By Jeremy Hallock
By James Khubiar
By Observer Staff
By Kelly Dearmore
By Jim Schutze
By Rachel Watts
By Lauren Drewes Daniels
"I don't know why. It comes one time. That's why I keep my Walkman in hand at all time. Some people have the ability to write the music; they don't need no Walkman, they write it down and know how it sound. I have to sit with my mouth. I have to climb this mountain with worn-out tools."
Hawkins, though, does not take credit for his songs, insisting that he doesn't actually write them--no more than Moses wrote the Ten Commandments. He explains that he is merely an empty vehicle for the expressions and thoughts of dead songwriters who have not yet completed their work on this earth, who come when called to help Hawkins say what's pent up in his heart and in his soul. Among those who Hawkins calls upon are Sam Cooke ("I want his ability") and Elvis Presley ("and I want his charisma").
"There are songwriters, great songwriters, who are dead and would love very much to come to somebody like me or like you or whoever would invite them to do it," Hawkins says. "It's a spiritual thing, and you wouldn't understand that, I don't think, because the few people that understand spirituality you can count on one hand and still have a few fingers left over.
"See, when you die, the body is what dies. You're not going to never die. You're going to live forever somewhere. These people goes to writers, and they write for those people through their hands. They can't even explain how or why they write so good and write such great stories or compose such great songs...
"I knew that 'Big Things' was all about me. It hit me real good. The words come to me from someone who knows me quite well and knows what I want them to do with me. 'Green-Eyed Girl'? I had no idea about no green-eyed girls. It was something that had never been heard before on this earth. And 'The Good and the Bad.' You have to think there's nothing as hauntingly beautiful and as true as 'The Good and the Bad.' It's a message to women--or to battered women, you might say, a message to abused women 'cause I have been guilty of treating women that way in my lifetime."
Even when Hawkins speaks of success, he speaks of it in terms of spiritual rewards. Before he dies, he says he would like to "fill a few hungry bellies" and build a shelter "about six blocks long and about six blocks wide" that would feed and clothe the homeless. After all, it wasn't so long ago that he was among their ranks, living in towns where it was so cold his hands were too sore and achy to button his tattered jacket, learning how to live in "flophouses" in Philadelphia and choke down day-old bread and "coffee that tasted like chicken." Hawkins may not like talking about his past, but those memories inform every single thing he says and does.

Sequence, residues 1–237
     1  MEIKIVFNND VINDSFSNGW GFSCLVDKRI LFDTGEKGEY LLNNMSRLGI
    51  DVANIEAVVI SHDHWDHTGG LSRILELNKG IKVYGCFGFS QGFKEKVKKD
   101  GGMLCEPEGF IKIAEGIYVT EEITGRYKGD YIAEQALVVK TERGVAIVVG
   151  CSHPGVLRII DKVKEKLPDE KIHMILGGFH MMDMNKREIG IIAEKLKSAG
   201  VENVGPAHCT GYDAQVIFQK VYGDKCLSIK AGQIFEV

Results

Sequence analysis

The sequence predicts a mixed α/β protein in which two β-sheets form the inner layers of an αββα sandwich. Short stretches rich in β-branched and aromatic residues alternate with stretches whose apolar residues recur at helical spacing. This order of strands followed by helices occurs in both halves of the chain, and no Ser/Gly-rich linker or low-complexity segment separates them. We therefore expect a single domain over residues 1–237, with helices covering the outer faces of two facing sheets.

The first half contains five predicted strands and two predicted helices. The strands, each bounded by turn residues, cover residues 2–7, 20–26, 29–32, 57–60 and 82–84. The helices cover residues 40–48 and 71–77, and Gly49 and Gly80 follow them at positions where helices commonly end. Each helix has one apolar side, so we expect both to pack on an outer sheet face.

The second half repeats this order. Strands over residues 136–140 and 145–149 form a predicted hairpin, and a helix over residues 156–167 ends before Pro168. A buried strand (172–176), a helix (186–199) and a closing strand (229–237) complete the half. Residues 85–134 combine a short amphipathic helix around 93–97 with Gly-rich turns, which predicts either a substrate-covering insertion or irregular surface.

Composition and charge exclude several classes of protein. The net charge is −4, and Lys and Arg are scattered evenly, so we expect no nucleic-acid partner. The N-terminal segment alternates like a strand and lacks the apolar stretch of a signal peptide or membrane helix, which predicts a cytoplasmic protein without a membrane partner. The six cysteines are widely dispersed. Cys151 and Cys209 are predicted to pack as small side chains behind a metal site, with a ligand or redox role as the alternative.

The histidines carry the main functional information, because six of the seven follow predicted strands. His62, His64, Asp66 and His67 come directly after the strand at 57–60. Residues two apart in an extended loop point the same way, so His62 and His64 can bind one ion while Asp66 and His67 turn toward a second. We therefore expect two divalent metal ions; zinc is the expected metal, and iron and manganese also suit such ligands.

"I know how it is to pass by people's houses and see their Christmas things hanging on their windows and you can hear them having such a good time, and it's cold out there and your feet are cold and you're walkin' in the snow," he says. "I know how it is, and there's a lot of folks out there right now that ain't got nowhere to sleep, and I wonder what do they do in the wintertime. They can go to the park and live on the grass in the summer, and it's nice and warm, but where do they all go in the wintertime when the snow is falling and the rain is falling and we're in our houses nice and warm and cozy and full. Where do they go?
"It's a personal thing to me. And hurtful. And I wish that I could do something for them. Although there was nobody to do those things for me, I wish I could do something for them...It's a personal thing because of the fact that by me comin' up as a child and not havin' nobody to help me and fendin' for myself and stuff like that, it's a personal thing. I think somebody somewhere spiritually wants me to make it because they've looked down on me and said, 'Hey, man, this man has suffered enough.' That's exactly what Geffen said: 'You've suffered enough.'"
Hawkins has often recalled to journalists a story that made him realize how powerful his music--well, the music that came through him--could be. He has said that during his 16-year stint playing on Venice Beach curbs and corners that he could stop a jogger mid-stride and force him to run in place, his "mouth open with a funny look on his face." And he has recalled the moment a woman stepped through the crowd surrounding the musician--and there were often enormous throngs of fans and passers-by--and whispered in his ear, "Don't stop playing, you're healing me." Hawkins didn't turn around to face the woman because to have done so would have forced him to lose the beat.